## Le Monde puzzle [#1002]

Posted in Kids, R with tags , , , , , , , on April 4, 2017 by xi'an

For once and only because it is part of this competition, a geometric Le Monde mathematical puzzle:

Given both diagonals of lengths p=105 and q=116, what is the parallelogram with the largest area? and when the perimeter is furthermore constrained to be L=290?

This made me jump right away to the quadrilateral page on Wikipedia, which reminds us that the largest area occurs when the diagonals are orthogonal, in which case it is A=½pq. Only the angle between the diagonals matters. Imposing the perimeter 2s in addition is not solved there, so I wrote an R code looking at all the integer solutions, based on one of the numerous formulae for the area, like ½pq sin(θ), where θ is the angle between both diagonals, and discretising in terms of the fractions of both diagonals at the intersection, and of the angle θ:

```p=105
q=116
s=145
for (alpha in (1:500)/1000){
ap=alpha*p;ap2=ap^2;omap=p-ap;omap2=omap^2
for (beta in (1:999)/1000){
bq=beta*q;bq2=bq^2;ombq=q-bq;ombq2=ombq^2
for (teta in (1:9999)*pi/10000){
d=sqrt(ap2+bq2-2*ap*bq*cos(teta))
a=sqrt(ap2+ombq2+2*ap*ombq*cos(teta))
b=sqrt(omap2+ombq2-2*omap*ombq*cos(teta))
c=sqrt(omap2+bq2+2*omap*bq*cos(teta))
if (abs(a+b+c+d-2*s)<.01){
if (p*q*sin(teta)<2*maxur){
maxur=p*q*sin(teta)/2
sole=c(a,b,c,d,alpha,beta,teta)}}}}
```

This code returned an area of 4350, to compare with the optimal 6090 (which is recovered by the above R code when the diagonal lengths are identical and the perimeter is the one of the associated square). (As Jean-Louis Foulley pointed out to me, this area can be found directly by assuming the quadrilateral is a parallelogram and maximising in the length of one side.)

## Le Monde puzzle [#954]

Posted in Kids, R with tags , , , , , , on March 25, 2016 by xi'an

A square Le Monde mathematical puzzle:

Given a triplet (a,b,c) of integers, with a<b<c, it satisfies the S property when a+b, a+c, b+c, a+b+c are perfect squares such that a+c, b+c, and a+b+c are consecutive squares. For a given a, is it always possible to find a pair (b,c) such (a,b,c) satisfies S? Can you find the triplet (a,b,c) that produces the sum a+b+c closest to 1000?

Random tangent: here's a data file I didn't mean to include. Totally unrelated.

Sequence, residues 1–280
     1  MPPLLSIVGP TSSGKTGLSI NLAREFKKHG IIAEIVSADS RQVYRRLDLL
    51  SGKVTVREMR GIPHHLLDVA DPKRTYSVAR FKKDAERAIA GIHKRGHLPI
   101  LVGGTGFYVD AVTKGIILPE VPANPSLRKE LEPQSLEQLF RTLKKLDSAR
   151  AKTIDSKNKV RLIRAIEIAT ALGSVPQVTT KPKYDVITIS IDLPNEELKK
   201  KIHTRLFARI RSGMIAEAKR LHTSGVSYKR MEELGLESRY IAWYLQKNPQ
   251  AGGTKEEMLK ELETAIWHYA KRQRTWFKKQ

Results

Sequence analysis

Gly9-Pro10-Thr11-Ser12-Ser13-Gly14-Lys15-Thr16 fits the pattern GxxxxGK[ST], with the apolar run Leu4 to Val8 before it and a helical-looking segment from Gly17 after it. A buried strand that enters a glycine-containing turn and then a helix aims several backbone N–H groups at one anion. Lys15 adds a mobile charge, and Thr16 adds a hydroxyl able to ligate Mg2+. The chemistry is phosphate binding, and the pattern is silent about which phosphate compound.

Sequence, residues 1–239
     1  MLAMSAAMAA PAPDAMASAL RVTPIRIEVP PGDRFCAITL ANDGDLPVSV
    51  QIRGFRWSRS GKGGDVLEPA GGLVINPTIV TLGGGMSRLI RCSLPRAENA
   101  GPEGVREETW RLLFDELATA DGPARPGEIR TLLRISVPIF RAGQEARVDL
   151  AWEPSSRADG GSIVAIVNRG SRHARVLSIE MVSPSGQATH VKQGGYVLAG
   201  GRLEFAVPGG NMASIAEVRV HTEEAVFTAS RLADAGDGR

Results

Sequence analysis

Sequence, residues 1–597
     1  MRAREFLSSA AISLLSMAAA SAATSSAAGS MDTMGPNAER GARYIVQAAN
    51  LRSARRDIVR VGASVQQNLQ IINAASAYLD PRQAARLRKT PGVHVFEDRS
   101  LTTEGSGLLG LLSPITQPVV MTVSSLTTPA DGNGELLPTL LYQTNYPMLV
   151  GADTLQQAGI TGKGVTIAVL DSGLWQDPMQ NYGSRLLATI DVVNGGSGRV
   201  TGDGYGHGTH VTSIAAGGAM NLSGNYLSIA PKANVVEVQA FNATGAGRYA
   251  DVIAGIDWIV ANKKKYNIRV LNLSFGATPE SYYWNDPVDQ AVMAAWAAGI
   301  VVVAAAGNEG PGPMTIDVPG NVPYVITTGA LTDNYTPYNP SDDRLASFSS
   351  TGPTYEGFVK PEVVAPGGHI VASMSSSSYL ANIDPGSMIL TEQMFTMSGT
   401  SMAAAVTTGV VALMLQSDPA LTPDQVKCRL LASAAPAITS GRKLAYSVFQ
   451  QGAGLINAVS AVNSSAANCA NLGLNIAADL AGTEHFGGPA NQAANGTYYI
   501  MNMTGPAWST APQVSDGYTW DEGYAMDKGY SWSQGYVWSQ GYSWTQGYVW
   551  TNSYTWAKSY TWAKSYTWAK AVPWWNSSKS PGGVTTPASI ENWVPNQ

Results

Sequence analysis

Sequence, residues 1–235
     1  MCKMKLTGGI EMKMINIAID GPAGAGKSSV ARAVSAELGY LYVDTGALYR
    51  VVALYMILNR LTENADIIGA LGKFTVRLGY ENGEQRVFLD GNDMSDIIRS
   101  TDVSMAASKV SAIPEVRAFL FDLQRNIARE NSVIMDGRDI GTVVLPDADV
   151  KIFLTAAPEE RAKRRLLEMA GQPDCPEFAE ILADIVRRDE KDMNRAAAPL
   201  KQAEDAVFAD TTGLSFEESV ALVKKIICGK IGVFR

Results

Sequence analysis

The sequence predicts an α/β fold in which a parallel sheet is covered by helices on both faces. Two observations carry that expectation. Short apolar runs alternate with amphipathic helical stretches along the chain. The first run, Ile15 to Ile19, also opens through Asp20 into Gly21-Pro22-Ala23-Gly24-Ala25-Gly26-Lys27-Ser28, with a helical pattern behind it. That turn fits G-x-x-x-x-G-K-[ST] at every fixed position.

This is a rather interesting challenge and a brute force resolution does not produce interesting results. For instance, using the function is.whole from the package Rmpfr, the R functions

```ess <- function(a,b,k){
#assumes a<b<k
ess=is.whole(sqrt(a+b))&
is.whole(sqrt(b+k))&
is.whole(sqrt(a+k))&
is.whole(sqrt(a+b+k))
mezo=is.whole(sqrt(c((a+k+1):(b+k-1),(b+k+1):(a+b+k-1))))
return(ess&(sum(mezo==0)))
}
```

and

```quest1<-function(a){
b=a+1
while (b<1000*a){
if (is.whole(sqrt(a+b))){
k=b+1
while (k<100*b){
if (is.whole(sqrt(a+k))&is.whole(b+k))
if (ess(a,b,k)) break()
k=k+1}}
b=b+1}
return(c(a,b,k))
}
```

do not return any solution when a=1,2,3,4,5

Looking at the property that a+b,a+c,b+c, and a+b+c are perfect squares α²,β²,γ², and δ². This implies that

a=(δ+γ)(δ-γ), b=(δ+β)(δ-β), and c=(δ+α)(δ-α)

with 1<α<β<γ<δ. If we assume β²,γ², and δ² consecutive squares, this means β=γ-1 and δ=γ+1, hence

a=2γ+1, b=4γ, and c=(γ+1+α)(γ+1-α)

which leads to only two terms to examine. Hence writing another R function

```abc=function(al,ga){
a=2*ga+1
b=4*ga
k=(ga+al+1)*(ga-al+1)
return(c(a,b,k))}
```

and running a check for the smallest values of α and γ leads to the few solutions available:

```> for (ga in 3:1e4)
for(al in 1:(ga-2))
if (ess(abc(al,ga))) print(abc(al,ga))
[1] 41 80 41 320
[1] 57 112 672
[1] 97 192 2112
[1] 121 240 3360
[1] 177 352 7392
[1] 209 416 10400
[1] 281 560 19040
[1] 321 640 24960
[1] 409 816 40800
[1] 457 912 51072
```